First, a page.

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What Have We Been Up To On the J Line?

Posted by Carolyn Gerecht on January 22, 2016

At J Line, we often recognize a reflection of our own lives, and most pressing questions, in the stories we encounter – in the text, in film, in humor, and even in Hebrew. (And we even enjoy ourselves while doing so!)

Under the guidance of Ronit Pasternak, our Hebrew students learn Hebrew as a modern language. In early January, advanced students began discussing the concepts of freedom, human rights, and liberties in preparation for MLK Day on January 18, in Hebrew. Other classes continued to look at Hebrew sports, to draw out dream Hebrew houses, and to struggle with new structures of grammar.

Students taking a dynamic class this term called “The Dark Side: Bible Stories the Rabbi Never Told You”, with Steve Kroser, recently looked at the unsettling story of David and Bathsheba. In the story, David (a beloved King well-known for his leadership and righteousness) sees a beautiful woman, Bathsheba. Upon learning that she’s married, David sends her husband, a soldier to the front lines of battle so that he will die – so that he can be with her.

Is a leader different than a hero?

After class, J Liners were welcomed back from Winter Break on a particularly cold, wet morning with bagels and a delicious hot chocolate bar (including fun mixes, whipped cream, flavored syrup, sprinkles, and cookies), during Breakfast B’yachad. Students hung out together before the second hour of classes began, sipping fun hot chocolate creations, and relaxing. The Second Floor on Sunday morning at J Line always has a strong “college campus” vibe in this way.

Students in another popular class last week, Current Events with Barak Naveh, vigorously debated two very controversial topics in our own culture, with strong opinions abound: race relations in America, and the brutality of football in the recent playoff games (also referenced here in Rabbi Symons’ weekly blog).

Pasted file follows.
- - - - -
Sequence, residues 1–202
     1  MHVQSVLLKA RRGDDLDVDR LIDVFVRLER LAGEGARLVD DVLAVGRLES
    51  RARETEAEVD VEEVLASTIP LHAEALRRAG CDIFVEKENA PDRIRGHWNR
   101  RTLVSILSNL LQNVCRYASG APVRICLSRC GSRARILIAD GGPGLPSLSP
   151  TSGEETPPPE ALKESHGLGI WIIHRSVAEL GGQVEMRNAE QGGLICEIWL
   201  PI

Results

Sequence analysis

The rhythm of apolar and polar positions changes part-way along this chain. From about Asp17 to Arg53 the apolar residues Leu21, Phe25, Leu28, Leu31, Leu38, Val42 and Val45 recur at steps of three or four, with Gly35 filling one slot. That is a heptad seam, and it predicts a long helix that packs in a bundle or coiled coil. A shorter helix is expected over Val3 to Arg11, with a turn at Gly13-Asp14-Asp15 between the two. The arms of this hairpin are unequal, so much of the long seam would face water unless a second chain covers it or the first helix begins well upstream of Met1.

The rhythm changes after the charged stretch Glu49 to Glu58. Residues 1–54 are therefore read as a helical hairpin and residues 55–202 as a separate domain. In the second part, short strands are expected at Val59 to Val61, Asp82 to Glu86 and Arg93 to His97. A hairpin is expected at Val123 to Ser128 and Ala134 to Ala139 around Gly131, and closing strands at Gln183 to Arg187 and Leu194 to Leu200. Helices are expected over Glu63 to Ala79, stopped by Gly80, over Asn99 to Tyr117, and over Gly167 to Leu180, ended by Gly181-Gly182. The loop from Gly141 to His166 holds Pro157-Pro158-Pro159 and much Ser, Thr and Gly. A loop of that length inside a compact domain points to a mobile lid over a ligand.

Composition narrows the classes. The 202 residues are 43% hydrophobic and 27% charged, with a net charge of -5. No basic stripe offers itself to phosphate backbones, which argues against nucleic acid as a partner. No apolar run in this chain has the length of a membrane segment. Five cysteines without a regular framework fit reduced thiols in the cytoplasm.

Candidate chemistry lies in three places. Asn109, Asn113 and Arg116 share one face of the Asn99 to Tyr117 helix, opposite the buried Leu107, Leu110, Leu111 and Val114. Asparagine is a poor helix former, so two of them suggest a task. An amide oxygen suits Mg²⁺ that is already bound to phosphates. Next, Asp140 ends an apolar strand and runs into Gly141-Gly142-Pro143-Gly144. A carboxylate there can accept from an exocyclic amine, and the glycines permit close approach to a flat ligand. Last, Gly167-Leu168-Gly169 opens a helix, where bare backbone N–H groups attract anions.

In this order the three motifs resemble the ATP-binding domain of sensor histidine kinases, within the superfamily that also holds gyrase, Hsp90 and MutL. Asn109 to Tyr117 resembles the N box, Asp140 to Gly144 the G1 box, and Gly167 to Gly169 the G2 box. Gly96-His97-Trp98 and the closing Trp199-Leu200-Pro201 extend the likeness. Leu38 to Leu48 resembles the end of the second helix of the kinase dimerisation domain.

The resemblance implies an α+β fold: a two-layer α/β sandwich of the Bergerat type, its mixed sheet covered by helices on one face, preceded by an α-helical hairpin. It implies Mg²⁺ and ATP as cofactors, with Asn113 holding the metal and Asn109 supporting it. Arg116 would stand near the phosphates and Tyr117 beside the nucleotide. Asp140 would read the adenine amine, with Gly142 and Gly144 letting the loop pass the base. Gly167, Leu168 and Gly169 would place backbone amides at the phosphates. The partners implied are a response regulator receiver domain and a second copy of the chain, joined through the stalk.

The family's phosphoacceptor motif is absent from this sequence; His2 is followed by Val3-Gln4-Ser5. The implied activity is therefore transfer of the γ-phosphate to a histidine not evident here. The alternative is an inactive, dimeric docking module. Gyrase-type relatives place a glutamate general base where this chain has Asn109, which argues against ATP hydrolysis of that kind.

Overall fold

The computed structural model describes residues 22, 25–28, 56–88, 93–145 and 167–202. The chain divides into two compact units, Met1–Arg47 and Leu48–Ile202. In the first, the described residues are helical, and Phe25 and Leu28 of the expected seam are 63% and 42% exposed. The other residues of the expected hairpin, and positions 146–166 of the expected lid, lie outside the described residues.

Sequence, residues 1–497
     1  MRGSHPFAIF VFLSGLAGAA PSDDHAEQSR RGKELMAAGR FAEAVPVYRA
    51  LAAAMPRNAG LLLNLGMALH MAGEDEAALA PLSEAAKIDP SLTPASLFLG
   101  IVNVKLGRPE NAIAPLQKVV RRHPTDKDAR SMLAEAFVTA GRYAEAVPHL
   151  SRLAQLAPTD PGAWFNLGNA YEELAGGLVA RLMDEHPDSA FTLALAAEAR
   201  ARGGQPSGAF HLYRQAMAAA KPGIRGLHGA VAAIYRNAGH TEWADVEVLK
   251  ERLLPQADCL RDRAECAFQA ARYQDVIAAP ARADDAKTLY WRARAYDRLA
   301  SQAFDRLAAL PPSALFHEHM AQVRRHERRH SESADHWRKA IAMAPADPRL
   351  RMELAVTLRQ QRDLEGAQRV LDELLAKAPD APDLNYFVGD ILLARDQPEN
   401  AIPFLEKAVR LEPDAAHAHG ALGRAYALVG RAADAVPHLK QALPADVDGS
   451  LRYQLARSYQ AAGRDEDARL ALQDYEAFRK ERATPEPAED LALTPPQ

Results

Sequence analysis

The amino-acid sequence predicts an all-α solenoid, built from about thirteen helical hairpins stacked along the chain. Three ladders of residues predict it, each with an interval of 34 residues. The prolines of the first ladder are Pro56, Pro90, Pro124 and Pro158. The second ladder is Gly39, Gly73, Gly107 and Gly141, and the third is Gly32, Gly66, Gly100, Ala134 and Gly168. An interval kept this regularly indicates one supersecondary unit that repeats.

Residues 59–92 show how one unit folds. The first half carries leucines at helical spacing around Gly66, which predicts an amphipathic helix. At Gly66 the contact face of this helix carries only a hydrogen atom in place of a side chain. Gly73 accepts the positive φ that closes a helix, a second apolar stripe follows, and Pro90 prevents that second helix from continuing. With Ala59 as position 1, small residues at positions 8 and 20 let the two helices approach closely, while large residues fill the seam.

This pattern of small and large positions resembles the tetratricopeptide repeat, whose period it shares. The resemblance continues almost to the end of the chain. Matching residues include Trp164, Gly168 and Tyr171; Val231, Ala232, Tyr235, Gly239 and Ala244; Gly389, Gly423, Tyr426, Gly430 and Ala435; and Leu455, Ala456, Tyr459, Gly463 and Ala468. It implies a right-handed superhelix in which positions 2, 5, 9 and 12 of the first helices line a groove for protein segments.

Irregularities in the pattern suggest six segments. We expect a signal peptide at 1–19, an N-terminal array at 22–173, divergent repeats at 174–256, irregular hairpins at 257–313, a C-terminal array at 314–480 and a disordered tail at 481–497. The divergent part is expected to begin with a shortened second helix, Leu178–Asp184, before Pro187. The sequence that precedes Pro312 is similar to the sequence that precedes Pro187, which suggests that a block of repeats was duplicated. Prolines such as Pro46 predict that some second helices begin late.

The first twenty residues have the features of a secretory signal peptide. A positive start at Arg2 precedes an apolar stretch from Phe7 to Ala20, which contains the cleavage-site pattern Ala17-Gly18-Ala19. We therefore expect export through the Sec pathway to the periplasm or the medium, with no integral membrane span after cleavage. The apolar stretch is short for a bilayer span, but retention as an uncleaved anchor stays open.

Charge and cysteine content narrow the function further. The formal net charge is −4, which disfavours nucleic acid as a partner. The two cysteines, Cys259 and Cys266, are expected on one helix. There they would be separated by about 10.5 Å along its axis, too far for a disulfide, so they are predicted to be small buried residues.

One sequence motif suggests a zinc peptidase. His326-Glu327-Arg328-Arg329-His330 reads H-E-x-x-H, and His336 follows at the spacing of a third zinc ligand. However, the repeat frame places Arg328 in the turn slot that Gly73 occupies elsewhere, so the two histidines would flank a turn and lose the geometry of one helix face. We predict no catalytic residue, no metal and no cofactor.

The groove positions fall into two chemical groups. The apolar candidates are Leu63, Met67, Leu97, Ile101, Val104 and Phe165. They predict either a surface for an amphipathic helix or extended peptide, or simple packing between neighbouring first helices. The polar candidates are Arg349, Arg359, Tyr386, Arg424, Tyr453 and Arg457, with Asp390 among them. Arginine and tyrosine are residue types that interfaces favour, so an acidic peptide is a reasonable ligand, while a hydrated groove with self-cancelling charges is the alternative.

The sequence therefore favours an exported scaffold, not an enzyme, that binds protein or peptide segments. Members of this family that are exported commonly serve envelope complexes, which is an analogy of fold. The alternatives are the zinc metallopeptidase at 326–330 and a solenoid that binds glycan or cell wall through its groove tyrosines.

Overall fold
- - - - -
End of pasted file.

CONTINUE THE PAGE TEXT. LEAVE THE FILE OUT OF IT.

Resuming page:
What are my personal values – are those Jewish values? What does Judaism say about fairness?

(Sitting in the class, I remembered a response from a recent student survey of our teens and their experience at J Line so far. This student wrote, “I am beginning to think of my views as Jewish views, not just my personal views.”)

At the same time, next door to the debate in Current Events, Rabbi Ron Symons aggressively shook a soda can at the front of the room in “The Seven Habits of Highly Effective Jewish Teens.”

“Do you know what will happen when I open the can?” asked Rabbi Symons.

“It will explode!” came the cheer.

Their excitement was followed by a discussion of actions and consequences, being proactive, and the “soda can” moments in our own lives. The class even invited the great sage Hillel to join the conversation, famous for his questions, “If I am not for myself, who will be for me? If I am only for myself, what am I? If not now, when?”

How can we be proactive during our own most challenging moments?

The coffee, content and questions at J Line are designed not only with the goal of “Teaching Hebrew and Jewish text,” because we think we should. Instead, through Hebrew and Jewish text, we are engaging confident, knowledgeable and compassionate thinkers and leaders. And we are continuing a 2,000-year-old conversation into our lives.

In the busy world we live in, it’s hard to find time for Torah lishma, learning for its own sake. But this Torah lishma is never learning “for the sake of learning”. It’s for the sake of becoming our best selves.

For more information about J Line, please contact Carolyn Gerecht at [email protected] , visit www.jccpgh.org/jline or check us out on Facebook.

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